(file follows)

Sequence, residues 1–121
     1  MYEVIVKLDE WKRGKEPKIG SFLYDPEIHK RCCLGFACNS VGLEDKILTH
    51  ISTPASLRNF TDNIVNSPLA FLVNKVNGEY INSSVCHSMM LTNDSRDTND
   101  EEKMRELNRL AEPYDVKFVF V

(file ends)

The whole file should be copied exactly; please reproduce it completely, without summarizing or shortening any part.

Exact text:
Sequence, residues 1–121
     1  MYEVIVKLDE WKRGKEPKIG SFLYDPEIHK RCCLGFACNS VGLEDKILTH
    51  ISTPASLRNF TDNIVNSPLA FLVNKVNGEY INSSVCHSMM LTNDSRDTND
   101  EEKMRELNRL AEPYDVKFVF V